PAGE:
in terms of their physical characteristics. We can also use maps of habitat characteristics to gauge potential
conflicts between conservation goals and resource utilization.
Examining patterns of biodiversity distribution
The global distribution of marine biodiversity has been established } by observation } in broad outline.
However, our ‘theories’ to account for these patterns generally lack explanatory power especially at
regional scales (100’s to 1000’s of km). There has been a paucity of studies to investigate relationships
between biodiversity and habitat characteristics (through geophysical factors) at such regional scales. Yet it
is precisely at the regional level that nation states exert jurisdiction over their marine resources and can best
effect conservation measures. Zacharias and Roff (2001b) showed that intertidal diversity was strongly
related to the geophysical environment, as a function of seasonal variations of temperature, salinity and
exposure to wave action. Such analyses between biodiversity and geophysical factors are vital to
systematically implemented conservation efforts at regional scales.
Judging potential impact of invading species
Increases in world-wide transportation have caused many species to significantly extend their geographic
ranges. However, although individual species may be transported from one side of an ocean to another, or
even between ocean basins, they still retain fidelity to the basic geophysical characteristics of their original
habitat. Thus, the potential range of an invading species should be predictable in its new geographic
location, and its ecological effects can then be assessed (e.g. Grosholz et al., 2000).
Evaluation of candidate Representative Marine Protected Areas
The mapping exercise described here is an indispensable preliminary stage in the process of evaluating sites
for Marine Protected Areas (MPAs). For example, we may wish to establish a set of MPAs that total some
target proportion of the continental shelf within a country’s jurisdiction. Strategies in selecting MPAs may
vary, but two suggest themselves: select a set of MPAs each of which captures the maximum habitat
heterogeneity within a region, or select a set of MPAs each of which is more homogeneous in habitat type,
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but which collectively cover the target proportion of all representative habitat types. We carried out such a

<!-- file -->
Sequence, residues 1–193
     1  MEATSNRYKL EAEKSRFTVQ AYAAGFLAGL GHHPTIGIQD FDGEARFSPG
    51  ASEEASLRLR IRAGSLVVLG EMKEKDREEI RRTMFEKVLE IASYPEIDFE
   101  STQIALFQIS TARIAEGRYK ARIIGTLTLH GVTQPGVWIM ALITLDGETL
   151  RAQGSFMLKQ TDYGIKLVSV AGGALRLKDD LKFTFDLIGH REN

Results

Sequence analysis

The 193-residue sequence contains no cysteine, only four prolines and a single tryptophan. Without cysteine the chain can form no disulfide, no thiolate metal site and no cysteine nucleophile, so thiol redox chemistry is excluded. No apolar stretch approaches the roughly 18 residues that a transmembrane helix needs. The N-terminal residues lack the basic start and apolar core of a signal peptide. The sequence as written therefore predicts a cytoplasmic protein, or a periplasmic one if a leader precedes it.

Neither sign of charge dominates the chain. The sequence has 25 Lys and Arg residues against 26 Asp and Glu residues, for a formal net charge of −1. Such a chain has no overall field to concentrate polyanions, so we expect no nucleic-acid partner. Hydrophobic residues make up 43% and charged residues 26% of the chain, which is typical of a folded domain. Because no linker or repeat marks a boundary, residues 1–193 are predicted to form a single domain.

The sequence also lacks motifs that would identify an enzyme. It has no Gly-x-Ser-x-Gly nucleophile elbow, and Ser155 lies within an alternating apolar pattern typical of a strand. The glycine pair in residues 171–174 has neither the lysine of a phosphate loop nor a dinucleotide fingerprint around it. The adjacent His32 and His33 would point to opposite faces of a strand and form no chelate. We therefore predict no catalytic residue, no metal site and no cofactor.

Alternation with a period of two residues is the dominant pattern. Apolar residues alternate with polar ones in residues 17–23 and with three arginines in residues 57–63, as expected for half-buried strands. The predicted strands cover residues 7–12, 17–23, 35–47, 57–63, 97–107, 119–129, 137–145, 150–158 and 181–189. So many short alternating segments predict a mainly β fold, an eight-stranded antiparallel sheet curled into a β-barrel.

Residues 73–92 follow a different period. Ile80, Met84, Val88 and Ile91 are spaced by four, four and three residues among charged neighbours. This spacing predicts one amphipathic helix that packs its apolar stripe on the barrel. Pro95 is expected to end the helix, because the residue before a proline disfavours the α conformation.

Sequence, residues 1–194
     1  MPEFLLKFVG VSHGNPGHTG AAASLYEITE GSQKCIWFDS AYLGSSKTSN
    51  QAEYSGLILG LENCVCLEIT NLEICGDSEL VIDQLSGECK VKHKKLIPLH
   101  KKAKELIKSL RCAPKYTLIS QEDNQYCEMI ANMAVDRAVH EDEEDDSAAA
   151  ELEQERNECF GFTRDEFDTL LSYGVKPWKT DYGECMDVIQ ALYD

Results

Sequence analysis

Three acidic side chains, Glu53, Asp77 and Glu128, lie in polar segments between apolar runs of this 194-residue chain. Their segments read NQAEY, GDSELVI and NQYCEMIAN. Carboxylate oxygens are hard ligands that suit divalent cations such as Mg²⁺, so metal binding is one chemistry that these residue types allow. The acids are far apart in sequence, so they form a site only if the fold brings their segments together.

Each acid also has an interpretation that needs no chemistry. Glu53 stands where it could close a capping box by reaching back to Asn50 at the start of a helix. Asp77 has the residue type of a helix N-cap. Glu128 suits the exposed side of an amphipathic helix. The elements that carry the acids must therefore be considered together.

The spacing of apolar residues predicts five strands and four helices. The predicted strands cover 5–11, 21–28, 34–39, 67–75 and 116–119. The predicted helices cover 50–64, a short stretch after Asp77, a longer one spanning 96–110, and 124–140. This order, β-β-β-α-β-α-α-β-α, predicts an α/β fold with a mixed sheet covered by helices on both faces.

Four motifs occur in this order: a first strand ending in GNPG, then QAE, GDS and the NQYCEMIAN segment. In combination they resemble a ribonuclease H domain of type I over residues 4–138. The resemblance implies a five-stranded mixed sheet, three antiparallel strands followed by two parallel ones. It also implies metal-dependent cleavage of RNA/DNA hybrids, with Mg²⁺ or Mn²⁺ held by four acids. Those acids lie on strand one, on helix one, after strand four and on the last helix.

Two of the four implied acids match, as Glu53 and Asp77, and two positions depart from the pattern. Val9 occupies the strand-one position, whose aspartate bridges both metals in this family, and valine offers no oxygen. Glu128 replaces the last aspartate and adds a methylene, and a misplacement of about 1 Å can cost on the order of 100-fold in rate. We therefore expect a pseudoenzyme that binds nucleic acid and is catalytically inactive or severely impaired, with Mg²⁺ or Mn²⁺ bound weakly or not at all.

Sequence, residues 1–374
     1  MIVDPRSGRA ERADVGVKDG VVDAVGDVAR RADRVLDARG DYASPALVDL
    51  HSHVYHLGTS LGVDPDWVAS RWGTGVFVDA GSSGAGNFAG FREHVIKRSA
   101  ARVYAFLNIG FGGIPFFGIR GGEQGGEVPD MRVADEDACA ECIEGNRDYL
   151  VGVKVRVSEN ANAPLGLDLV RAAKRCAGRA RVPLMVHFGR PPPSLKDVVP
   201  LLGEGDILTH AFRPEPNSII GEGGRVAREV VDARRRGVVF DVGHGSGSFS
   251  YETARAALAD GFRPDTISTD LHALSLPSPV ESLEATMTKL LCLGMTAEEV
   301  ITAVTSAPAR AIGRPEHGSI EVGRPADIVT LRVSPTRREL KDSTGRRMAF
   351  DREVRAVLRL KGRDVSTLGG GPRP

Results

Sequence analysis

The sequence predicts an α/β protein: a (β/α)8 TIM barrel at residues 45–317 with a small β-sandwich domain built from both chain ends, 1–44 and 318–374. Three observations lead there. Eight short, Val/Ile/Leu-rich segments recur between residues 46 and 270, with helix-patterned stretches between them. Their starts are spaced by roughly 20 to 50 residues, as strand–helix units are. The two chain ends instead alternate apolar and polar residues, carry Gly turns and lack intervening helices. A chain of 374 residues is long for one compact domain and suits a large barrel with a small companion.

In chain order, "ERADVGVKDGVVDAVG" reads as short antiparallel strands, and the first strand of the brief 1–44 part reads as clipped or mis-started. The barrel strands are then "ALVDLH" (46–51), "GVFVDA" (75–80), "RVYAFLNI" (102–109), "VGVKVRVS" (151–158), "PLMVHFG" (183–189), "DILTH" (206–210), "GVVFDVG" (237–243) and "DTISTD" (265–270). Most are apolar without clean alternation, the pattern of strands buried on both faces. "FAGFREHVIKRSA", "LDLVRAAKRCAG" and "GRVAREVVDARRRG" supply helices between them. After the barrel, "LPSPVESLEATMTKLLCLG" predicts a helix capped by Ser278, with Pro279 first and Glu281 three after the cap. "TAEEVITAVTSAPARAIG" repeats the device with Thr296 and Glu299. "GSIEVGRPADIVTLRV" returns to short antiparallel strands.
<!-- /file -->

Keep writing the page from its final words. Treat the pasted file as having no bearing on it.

mapping exercise on the Scotian Shelf to identify areas of greater and lesser habitat heterogeneity. We
superimposed a 2 2 km2 grid over the Scotian Shelf seascape maps, and drew 18 km radius cells around
each grid point. Within each cell, seascape heterogeneity was then calculated using the ‘focal variety’
function of ARC/INFO. Results are shown in Plate 5(c), where greater colour intensity represents higher
habitat heterogeneity. Candidate areas for either potential strategy now immediately suggest themselves
within a geographic region. By summing the results of such exercises, we can also evaluate how much of
each representative habitat type has been captured by a set of candidate MPAs. Thus our goal of protecting
some target proportion of all representative habitat types within a region, can be achieved.
The role of Focal Species in Marine Conservation
In marine conservation the emphasis has recently changed from species to spaces (Zacharias and Roff,
2000). However, public support still predominantly identifies with larger marine mammals, specifically with
those charismatic focal species (see Zacharias and Roff, 2001a) referred to as ‘flagships’. Unfortunately, the
trophodynamic significance of these species in the marine environment remains largely undefined (Bowen,
1997), and they may not be ecologically important (Katona and Whitehead, 1988). However, the
classification scheme proposed here now raises the possibility of directly examining the role of particular